State workers take 60% more sick days

Published on by Michael Fisher (author)

As the recession and fears of job loss are causing many to come to work even when sick, state workers still take record high numbers of days off ill

Since the recession began in 2008 the levels of employee absenteeism have dropped around the country, with many people understandably being afraid to be caught with a high absenteeism record, and fearing for their jobs. This has led to many people continuing to come to work, even when suffering from illnesses that would otherwise have them in bed for a week.

Research shows that in 1993 there was an average 7.3 days per year taken off for sickness, while in 2007, just before the recession, there was still an average 6 days. Now however the number has fallen year on year, with the current average being closer to just 4 days absent from work a year. Despite this, research has shown that those working in the public sector continue to take more time off from work. The hourly rate seems to be that a private sector worker loses 1.6% of their normal hours to sickness, while a public sector worker loses 2.6%.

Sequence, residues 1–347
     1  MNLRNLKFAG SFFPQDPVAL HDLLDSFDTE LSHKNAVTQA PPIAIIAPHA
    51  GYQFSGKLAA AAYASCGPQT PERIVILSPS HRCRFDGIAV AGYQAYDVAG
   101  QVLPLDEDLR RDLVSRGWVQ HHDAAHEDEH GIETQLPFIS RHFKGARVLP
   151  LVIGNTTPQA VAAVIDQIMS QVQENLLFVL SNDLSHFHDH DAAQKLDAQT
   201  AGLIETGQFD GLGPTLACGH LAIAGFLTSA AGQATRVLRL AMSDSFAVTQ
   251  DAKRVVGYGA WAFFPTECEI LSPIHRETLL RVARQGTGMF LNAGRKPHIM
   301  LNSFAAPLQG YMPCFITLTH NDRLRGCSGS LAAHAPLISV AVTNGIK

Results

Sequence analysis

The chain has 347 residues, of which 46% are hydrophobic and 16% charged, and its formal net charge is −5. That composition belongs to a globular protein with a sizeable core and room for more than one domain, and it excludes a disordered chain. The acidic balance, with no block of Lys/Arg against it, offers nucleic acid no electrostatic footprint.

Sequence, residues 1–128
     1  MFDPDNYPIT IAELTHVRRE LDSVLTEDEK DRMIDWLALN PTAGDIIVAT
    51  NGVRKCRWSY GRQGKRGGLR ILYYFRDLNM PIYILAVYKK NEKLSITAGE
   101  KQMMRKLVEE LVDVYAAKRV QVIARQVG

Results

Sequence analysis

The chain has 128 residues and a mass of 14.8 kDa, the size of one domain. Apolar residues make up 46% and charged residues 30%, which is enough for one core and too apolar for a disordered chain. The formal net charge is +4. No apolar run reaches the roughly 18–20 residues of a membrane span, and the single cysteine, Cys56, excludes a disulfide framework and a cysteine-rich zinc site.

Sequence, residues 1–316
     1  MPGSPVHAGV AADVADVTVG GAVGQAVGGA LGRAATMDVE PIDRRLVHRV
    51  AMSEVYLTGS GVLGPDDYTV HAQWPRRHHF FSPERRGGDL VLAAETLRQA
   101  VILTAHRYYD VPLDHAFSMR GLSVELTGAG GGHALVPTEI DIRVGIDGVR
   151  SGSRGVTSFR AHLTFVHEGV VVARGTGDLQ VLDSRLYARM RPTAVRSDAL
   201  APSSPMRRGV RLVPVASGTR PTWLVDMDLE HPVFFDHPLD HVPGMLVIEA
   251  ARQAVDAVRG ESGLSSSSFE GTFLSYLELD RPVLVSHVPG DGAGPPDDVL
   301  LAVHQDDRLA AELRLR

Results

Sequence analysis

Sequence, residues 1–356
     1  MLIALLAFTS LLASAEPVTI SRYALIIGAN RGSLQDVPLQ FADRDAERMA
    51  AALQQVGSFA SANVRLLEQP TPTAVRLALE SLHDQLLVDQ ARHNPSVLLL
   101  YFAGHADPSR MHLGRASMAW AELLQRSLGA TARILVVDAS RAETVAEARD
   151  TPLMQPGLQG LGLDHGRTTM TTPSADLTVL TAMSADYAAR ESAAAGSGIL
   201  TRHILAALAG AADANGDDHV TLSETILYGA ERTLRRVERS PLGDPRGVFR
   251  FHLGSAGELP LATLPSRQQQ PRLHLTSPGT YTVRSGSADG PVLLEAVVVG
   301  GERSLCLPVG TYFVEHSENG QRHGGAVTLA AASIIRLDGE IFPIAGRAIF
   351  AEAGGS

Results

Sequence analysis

What’s more public sector workers continue to be paid more than their private sector equivalents, with a state worker earning £16.24 per hour average, compared to just £14.11 for the private worker. On top of this, the average private sector worker has 33.5 hours a week, compared to just 30 hours for the public sector worker.

It seems despite the Government’s rhetoric for business leaders to sharpen up their ideas, they will not consider doing the same.